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GCAA Seeks Public Collaboration on Safe Operation of Drones in Ghana


All over the world, drones or the Remotely Piloted Aircrafts (RPAs) which are a member of the aviation family are playing a significant role in development. In Ghana, like elsewhere in the world, drones are increasingly used in commercial and civil industries, including photography, research, weather monitoring and other aerial imaging. However, while there exist several opportunities in this sphere, there is a growing concern about lack knowledge of the rules and regulations that govern the purchase and use of unmanned aerial vehicles, particularly in the face of several accident involving drones.

Like the International Civil Aviation Organization (ICAO), Ghana has been working to better understand, integrate and regulate RPAs and intends to enforce the regulations for RPAs with effect from September 2016 within the existing Directive to ensure that the operations, owners of drones, users and owners are guided by the relevant laws: the Chicago Convention and the Ghana Civil Aviation Regulations/Directives (GCARs/GCADs). Together, they are to ensure that the introduction of remotely piloted aircrafts into Ghana’s airspace, especially the approach corridor and at aerodromes, in no way increase safety risks to manned aircraft, persons and properties.

GCAA Seeks Public Collaboration

In furtherance to this, the Ghana Civil Aviation Authority (GCAA) organized a stakeholder workshop on Remotely Piloted Aircraft Systems (RPAS) on 5th July, 2016. The platform was used to educate the public on the existing regulatory framework or the Directives. To the GCAA, the safe integration of RPAS into Ghana’s airspace calls for stakeholder understanding of diverse topics such as licensing, medical qualification of remote pilots, technologies to detect and avoid systems, frequency spectrum, separation standards from other aircraft and development of a robust regulatory framework.

The Directive: to what end?

The purpose of the Directives is to supplement the provisions of the Ghana Civil Aviation (Safety) Regulations 2011, LI.2000 in ensuring safe operations of RPAS. All unmanned aircrafts, whether remotely piloted, fully autonomous or combinations thereof, are subject to the provisions of Article 8 of the Chicago Convention and the Ghana Civil Aviation Regulations/Directives (GCARs/GCADs). These requirements apply equally to RPAs operations and are intended to mitigate risk to person and property on the ground and other airspace users. Where differences occur from manned aviation, they are specified in these Directives. If this cannot be achieved, the RPA may be accommodated by being restricted to specific conditions or areas such as segregated airspace or a way from heavily populated areas.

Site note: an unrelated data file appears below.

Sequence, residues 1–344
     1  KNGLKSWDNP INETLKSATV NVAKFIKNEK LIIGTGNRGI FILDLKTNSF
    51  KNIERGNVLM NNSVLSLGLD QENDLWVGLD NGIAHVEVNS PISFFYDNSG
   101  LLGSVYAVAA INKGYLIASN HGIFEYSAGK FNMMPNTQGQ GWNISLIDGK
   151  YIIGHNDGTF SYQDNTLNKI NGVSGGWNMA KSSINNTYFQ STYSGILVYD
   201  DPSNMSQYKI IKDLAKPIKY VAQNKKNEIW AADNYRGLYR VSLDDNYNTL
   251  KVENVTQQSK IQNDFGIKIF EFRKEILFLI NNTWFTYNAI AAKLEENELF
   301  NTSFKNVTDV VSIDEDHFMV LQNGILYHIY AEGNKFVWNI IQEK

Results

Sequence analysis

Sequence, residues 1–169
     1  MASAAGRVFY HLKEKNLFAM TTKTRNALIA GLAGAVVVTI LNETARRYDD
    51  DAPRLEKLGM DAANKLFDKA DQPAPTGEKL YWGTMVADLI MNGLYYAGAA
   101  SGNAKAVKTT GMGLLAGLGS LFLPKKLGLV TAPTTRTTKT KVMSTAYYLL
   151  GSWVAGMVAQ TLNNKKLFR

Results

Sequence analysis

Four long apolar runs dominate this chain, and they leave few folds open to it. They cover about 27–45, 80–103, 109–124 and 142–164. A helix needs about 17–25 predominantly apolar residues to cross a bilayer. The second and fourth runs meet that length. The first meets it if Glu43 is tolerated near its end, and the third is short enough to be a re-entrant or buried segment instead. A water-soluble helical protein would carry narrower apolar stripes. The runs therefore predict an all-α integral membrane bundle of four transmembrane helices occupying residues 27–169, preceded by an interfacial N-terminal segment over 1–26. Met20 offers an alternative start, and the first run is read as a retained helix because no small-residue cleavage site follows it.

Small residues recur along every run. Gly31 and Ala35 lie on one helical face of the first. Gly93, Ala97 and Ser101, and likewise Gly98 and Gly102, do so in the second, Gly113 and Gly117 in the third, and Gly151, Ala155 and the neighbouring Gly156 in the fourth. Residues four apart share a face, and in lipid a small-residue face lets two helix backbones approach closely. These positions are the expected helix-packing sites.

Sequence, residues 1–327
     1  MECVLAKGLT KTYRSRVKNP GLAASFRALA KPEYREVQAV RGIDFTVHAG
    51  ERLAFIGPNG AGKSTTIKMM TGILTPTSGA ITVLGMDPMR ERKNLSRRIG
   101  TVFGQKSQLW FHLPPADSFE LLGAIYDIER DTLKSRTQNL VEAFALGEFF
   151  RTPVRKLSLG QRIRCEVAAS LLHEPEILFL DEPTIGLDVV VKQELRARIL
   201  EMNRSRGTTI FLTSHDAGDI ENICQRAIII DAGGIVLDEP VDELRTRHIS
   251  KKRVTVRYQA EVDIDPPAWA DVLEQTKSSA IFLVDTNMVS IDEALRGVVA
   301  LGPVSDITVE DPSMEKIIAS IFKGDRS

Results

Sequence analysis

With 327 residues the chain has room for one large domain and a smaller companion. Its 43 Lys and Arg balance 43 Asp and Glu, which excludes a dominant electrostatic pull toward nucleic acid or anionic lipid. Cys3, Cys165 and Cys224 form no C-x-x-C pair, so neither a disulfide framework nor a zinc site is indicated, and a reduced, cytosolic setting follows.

Some of the Directives:

  • No person shall control more than one RPA at any given time unless otherwise authorized by the Authority
  • No person shall operate RPAs for commercial purposes unless he holds an RPAS operating certification (ROC) issues by the Authority
  • Operations of RPAs are forbidden from flying in restricted, prohibited, dangerous areas and special use areas (SUA) as published in the Ghana Aeronautical Information Publication (AIP)
  • Operators shall comply with the appropriate noise control, emissions, and private regulations

Applicability of the Directives:

The Directives apply to:

  • the operations of unmanned aircrafts, model aircraft, and all unmanned aircraft whether remotely piloted, fully autonomous or combinations thereof.
  • aerial work such as the use of aircraft for specialized services in agriculture, construction, photography, surveying observation and patrol, search and rescue, and aerial advertisement.

Special Authorization:

The Directive forbids the operation of drones for the carriage of goods, night and cross border operations and operations in areas of high Radio Frequency transmissions without special authorization from Authority.

Further, all operators need certification and air worthiness approvals and must observe implementation standards such as location and height of an obstruction that could hinder launch and recovery, destroying and proximity of overflight traffic, emergency landing and ditching location and duties of the remote pilot-command (PIC).


The GCAA is concerned with the safety in the operations of RPAS, particularly, the protection of persons and property from mid-air collisions (MACs), accidents and incidents involving RPAs. It is expected that the application of the directives in the operations of the remotely piloted Aircrafts operators in Ghana’ Airspace system will minimize hazards to persons, property or other aircrafts. This however, requires the compliance and the collaboration of the public, particularly, drone owners and operators to achieve.